From the October 2009 Conservationist
Photo: Barbara Nuffer
By Barbara Nuffer
Sky blue flowers of wild chicory beautifully decorate the shoulders of New York's rural and urban roads. A European native, this perennial herb was first cultivated in North America in the 1700s. Although each individual flower lasts only one day, the plant is continually in bloom from May through October. Common names include "cornflower" and "coffee weed."
The silver-dollar-sized flowers are scattered in clusters along the three- to four-foot tall stems of the plant. Rarely, white or pink flowers may be found. Like dandelion, chicory has a composite flower, meaning the single "flower" is actually made up of many flowers. Each blue petal, with its distinctive toothed edge, is actually a ray flower, containing both male and female parts.
Blooming early in the morning, the flowers turn to follow the sun. The Swedish botanist Linnaeus used the flowers as a "floral clock," finding that they opened at
5 a.m. and closed at 10 a.m. in that latitude.
An early Greek legend has it that a beautiful blue-eyed maiden refused the amorous pursuit of the Sun God Apollo. To avenge his rejection, Apollo turned the maiden into a blue flower that opens each morning to face the sun and slowly fades throughout the day.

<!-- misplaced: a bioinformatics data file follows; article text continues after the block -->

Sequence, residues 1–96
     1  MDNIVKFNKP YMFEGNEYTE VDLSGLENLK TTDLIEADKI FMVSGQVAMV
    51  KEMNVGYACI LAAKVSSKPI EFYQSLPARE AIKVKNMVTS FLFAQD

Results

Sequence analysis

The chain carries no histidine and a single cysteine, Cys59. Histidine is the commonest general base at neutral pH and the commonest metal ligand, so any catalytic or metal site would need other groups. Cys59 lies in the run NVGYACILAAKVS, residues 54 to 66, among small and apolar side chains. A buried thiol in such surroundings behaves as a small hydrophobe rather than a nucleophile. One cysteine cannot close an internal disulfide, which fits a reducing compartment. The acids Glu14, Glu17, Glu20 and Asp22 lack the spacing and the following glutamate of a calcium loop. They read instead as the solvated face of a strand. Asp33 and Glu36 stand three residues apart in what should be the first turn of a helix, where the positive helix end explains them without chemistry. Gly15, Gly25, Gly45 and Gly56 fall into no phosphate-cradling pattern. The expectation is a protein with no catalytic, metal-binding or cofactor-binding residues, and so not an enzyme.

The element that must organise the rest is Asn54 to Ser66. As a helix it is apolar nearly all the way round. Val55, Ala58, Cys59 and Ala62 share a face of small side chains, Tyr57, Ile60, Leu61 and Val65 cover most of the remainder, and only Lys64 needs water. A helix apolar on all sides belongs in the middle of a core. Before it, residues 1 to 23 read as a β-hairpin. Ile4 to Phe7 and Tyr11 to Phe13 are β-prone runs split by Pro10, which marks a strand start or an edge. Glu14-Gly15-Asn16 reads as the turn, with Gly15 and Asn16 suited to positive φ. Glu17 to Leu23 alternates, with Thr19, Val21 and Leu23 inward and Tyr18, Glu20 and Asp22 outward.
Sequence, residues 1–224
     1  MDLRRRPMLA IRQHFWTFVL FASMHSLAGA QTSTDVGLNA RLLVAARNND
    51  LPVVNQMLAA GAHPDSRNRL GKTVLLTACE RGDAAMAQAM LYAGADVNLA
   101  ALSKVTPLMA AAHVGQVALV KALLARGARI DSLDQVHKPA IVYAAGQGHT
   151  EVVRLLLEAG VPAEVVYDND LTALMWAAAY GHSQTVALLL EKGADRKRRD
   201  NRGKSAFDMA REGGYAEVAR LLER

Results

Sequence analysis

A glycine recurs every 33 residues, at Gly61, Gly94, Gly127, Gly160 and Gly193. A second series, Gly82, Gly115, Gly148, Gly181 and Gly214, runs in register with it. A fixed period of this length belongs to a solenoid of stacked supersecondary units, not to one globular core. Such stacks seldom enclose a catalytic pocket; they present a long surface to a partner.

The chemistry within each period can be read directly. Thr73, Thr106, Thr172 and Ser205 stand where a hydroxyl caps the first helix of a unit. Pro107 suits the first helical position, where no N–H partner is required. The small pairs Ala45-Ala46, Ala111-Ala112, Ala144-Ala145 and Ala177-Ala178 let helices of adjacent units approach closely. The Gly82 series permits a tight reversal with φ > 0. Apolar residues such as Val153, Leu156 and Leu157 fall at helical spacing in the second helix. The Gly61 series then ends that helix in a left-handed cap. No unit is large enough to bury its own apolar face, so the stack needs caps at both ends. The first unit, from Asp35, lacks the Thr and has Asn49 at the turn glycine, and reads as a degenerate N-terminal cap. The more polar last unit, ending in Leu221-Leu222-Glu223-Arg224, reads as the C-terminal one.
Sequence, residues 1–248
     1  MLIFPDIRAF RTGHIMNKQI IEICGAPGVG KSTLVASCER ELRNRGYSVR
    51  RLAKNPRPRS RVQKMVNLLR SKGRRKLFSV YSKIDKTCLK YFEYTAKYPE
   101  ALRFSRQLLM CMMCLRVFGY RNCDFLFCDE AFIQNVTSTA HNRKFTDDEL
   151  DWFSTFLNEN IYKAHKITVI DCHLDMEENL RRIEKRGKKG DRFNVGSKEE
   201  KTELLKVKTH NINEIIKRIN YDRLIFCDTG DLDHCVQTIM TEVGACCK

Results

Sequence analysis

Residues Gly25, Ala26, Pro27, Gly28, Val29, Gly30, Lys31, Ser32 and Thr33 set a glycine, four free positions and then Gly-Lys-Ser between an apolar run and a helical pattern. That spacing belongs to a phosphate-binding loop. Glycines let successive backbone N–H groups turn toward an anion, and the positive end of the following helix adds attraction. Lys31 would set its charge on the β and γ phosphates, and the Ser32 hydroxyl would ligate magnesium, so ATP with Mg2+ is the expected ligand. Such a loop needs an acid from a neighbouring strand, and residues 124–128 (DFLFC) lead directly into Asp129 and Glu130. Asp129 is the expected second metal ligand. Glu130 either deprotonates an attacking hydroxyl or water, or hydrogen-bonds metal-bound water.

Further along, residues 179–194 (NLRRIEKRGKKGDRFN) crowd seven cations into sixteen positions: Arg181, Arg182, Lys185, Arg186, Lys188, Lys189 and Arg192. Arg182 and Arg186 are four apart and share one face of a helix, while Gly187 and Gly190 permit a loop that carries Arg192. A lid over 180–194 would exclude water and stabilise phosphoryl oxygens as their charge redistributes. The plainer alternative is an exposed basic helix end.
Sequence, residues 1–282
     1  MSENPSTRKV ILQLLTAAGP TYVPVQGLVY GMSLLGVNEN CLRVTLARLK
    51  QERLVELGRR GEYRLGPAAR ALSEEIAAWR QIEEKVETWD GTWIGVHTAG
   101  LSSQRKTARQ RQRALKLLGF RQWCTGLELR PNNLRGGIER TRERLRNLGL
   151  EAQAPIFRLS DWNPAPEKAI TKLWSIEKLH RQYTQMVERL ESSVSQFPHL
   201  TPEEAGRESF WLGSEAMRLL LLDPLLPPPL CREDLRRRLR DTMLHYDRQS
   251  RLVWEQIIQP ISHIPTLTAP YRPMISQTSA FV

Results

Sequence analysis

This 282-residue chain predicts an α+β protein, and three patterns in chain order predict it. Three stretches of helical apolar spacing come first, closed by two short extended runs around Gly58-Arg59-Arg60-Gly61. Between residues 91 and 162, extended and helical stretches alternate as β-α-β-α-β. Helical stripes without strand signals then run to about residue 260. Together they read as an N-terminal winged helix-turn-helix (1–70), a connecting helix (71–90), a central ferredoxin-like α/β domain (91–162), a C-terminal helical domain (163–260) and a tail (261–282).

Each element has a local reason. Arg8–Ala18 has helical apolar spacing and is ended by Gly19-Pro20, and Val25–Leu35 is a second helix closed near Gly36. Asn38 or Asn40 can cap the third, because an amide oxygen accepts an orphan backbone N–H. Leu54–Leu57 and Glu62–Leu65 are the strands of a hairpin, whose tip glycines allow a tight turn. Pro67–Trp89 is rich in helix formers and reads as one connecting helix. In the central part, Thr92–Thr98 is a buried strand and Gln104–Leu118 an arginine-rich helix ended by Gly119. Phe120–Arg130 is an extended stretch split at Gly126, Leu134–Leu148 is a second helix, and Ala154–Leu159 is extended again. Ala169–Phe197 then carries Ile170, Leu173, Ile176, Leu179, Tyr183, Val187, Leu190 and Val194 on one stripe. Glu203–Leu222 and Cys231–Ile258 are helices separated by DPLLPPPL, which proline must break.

Europeans prize young chicory leaves for salads. Egyptians have eaten them for thousands of years and still do. The French dig up the deep tap root and force white shoots during the winter for a salad called Barbe de Capuchin or "Beard of the Monk." The root has been roasted and ground as a coffee substitute since the Napoleonic Era in France, although it contains no caffeine. You can find chicory coffee today in New Orleans cafes being sipped along with a fresh sugary beignet. It can also be used as a flavoring for brewing stout.
The medicinal qualities of all the parts of the chicory plant have been known for centuries. It has been used for everything from an aphrodisiac to a cure for constipation. Nicholas Culpeper, the famous seventeenth-century herbalist, described it as "good for those who have an evil disposition." The plant has other uses as well; surprisingly, the blue flowers produce a yellow dye and the green leaves produce a blue dye.
Thomas Jefferson grew chicory on his Monticello farm. Chicory's leafy growth has a higher nutritional value than alfalfa, is particularly grazed by pregnant beef cows, and is an excellent livestock forage supplement due to its toxicity to parasitic worms. And the 3,000 seeds that the average chicory plant produces are a prized food for birds.
Queen Anne's Lace, with its delicate, doily-like white flowers, frequently grows intertwined with chicory, creating a lovely blue and white fringe along New York's summer roadsides. Look for brightly plumaged goldfinches flitting among chicory plants gathering seeds, flashing yellow around the true blue flowers. It is a sight that will make you smile.
Barbara Nuffer works in DEC's Division of Air Resources in Albany.